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The history of accounting is as old as the civilization

The traces of accounting records have been discovered as early as in ancient civilizations and mostly in the field of banking. As early as in the XVIII century B.C. in Babylon in the Law of King Hammurabi it is indicated what kind of records had to be kept in the field of debt-trust relations. In ancient Greece, banks did not only deal with credit transactions, but also payment operations for the account of clients, that is, payment transactions. It is claimed that the banks had led two books, "ephemerid" and "trapeziticagrammata". The first book presents chronological records of all business events, while the other book accounts of clients.


After the conquest of Egypt by Alexander the Greatbanks have started developing in Egypt as well. This also led to the emergence of bookkeeping records which included credit relations between banks and credit relations between a bank and a private entity.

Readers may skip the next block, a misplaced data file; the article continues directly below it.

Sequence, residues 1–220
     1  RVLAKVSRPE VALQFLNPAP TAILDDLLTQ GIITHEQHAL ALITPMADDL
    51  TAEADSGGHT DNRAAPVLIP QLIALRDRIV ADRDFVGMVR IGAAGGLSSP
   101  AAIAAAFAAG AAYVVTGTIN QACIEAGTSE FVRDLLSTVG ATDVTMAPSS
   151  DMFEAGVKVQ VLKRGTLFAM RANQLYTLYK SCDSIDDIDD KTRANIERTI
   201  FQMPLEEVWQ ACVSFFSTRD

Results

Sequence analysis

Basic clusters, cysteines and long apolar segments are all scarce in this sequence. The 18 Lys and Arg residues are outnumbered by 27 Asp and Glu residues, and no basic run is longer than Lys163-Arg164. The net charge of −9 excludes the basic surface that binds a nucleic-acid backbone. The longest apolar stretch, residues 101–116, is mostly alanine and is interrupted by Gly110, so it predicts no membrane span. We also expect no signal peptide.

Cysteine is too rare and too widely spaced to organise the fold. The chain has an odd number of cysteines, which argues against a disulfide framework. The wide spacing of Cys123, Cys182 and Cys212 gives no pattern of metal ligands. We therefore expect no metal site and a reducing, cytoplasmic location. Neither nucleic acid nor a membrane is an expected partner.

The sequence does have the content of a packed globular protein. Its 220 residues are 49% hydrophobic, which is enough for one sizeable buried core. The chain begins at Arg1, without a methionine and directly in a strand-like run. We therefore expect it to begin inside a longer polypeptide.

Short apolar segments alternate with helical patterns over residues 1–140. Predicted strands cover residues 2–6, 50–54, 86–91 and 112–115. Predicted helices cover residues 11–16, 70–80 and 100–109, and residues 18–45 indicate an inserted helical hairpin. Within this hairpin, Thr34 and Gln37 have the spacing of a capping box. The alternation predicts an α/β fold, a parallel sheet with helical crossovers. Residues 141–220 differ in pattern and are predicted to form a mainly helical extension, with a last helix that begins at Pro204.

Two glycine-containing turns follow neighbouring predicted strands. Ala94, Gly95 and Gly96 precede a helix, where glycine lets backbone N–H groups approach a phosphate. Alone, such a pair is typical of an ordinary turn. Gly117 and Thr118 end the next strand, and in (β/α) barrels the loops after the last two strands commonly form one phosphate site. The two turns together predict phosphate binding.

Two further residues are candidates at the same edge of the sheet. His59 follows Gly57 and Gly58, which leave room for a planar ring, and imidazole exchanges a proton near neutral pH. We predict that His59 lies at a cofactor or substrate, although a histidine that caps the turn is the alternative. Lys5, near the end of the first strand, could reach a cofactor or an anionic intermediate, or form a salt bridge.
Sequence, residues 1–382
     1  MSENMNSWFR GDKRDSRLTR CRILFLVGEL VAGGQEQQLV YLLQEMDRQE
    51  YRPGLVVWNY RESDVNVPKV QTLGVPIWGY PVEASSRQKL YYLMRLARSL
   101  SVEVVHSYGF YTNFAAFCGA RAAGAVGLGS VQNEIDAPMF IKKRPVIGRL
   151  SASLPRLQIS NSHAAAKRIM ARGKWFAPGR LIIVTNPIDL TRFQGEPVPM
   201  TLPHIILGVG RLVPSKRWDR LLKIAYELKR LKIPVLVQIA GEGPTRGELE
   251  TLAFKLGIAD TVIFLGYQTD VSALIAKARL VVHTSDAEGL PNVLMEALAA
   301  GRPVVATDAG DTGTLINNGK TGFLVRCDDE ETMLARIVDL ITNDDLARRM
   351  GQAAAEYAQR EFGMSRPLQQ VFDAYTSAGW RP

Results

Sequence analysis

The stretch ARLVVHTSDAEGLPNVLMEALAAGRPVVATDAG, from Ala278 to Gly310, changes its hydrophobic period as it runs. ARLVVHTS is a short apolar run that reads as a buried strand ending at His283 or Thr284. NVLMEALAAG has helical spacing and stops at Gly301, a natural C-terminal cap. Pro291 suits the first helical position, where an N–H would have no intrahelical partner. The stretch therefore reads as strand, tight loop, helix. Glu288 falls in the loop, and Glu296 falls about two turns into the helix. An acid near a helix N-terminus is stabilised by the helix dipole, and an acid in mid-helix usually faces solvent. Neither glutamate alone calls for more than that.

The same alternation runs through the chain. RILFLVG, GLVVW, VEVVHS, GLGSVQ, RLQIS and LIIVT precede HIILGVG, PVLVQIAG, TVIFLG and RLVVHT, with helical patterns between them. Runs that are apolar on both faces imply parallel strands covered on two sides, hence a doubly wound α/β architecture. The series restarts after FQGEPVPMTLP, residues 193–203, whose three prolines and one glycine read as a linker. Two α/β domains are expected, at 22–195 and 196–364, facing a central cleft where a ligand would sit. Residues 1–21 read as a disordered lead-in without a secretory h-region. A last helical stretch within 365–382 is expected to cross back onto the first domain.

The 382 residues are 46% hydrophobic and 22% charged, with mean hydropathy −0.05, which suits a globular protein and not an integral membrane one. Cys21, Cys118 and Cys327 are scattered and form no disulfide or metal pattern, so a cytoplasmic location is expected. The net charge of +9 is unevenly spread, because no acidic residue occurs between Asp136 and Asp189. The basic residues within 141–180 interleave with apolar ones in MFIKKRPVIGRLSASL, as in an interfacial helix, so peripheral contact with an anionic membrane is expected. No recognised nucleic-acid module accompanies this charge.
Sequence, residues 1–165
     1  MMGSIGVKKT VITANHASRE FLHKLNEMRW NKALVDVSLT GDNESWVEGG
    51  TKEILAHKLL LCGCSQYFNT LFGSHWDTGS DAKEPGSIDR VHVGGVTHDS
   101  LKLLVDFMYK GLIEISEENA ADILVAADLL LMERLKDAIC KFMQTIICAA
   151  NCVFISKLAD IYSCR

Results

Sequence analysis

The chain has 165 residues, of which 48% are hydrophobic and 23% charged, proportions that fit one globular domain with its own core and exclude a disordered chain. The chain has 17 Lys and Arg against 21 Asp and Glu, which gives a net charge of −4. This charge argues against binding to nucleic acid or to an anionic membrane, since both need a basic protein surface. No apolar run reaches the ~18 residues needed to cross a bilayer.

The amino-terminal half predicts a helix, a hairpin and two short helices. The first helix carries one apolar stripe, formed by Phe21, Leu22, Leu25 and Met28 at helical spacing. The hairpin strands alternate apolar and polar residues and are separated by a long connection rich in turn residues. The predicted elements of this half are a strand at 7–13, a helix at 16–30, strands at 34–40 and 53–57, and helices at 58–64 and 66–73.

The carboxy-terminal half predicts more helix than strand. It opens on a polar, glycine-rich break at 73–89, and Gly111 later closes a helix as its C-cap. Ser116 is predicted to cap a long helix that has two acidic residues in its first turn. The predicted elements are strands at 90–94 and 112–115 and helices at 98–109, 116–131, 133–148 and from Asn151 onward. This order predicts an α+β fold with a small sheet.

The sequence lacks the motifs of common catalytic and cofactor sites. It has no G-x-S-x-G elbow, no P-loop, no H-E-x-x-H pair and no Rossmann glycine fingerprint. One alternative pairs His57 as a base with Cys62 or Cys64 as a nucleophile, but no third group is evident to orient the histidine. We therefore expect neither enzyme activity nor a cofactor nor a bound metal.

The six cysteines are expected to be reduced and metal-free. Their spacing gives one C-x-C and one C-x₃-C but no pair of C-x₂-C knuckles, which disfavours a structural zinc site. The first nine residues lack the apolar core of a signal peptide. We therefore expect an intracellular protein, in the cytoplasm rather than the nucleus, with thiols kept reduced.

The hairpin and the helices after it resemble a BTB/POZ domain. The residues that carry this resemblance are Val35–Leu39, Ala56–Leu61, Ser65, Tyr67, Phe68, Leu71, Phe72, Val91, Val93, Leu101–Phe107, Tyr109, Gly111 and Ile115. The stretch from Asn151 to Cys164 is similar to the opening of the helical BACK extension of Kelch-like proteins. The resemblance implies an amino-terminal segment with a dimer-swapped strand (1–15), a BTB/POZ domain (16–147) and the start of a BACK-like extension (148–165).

In Rome, private banks were also developed. In addition to banks, wealthy slave owners, knights, philosophers etc.also dealt with credits. When it comes to books, day books are mentioned ("libercalendarii"), which recorded borrowed money and maturities of principal and interest, journal book ("adversaria"), in which business changes were recorded chronologically, the book of receipts and issues ("codex accepti et expensi") and the book in which the accounts were kept (''codex rationum'').


The first accountant is thought to had been AmatinoManucci, the author of the first note on the double accounting system, which was perfected during the Italian Renaissance and the trade revolution, and Luca Pacioli described it in detail in "Summa et Aritmetica, Geometria, Propotioni et Proportionalita".


Today, accounting is a modern science, integrated into the business system as its base for looking at the past, and as a window into the future ...